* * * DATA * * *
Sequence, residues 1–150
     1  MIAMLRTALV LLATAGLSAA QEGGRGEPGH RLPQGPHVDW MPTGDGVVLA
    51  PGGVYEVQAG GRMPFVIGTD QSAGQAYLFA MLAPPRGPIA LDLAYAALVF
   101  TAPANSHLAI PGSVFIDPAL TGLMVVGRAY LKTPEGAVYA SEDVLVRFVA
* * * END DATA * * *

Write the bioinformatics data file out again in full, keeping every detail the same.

Sequence, residues 1–150
     1  MIAMLRTALV LLATAGLSAA QEGGRGEPGH RLPQGPHVDW MPTGDGVVLA
    51  PGGVYEVQAG GRMPFVIGTD QSAGQAYLFA MLAPPRGPIA LDLAYAALVF
   101  TAPANSHLAI PGSVFIDPAL TGLMVVGRAY LKTPEGAVYA SEDVLVRFVA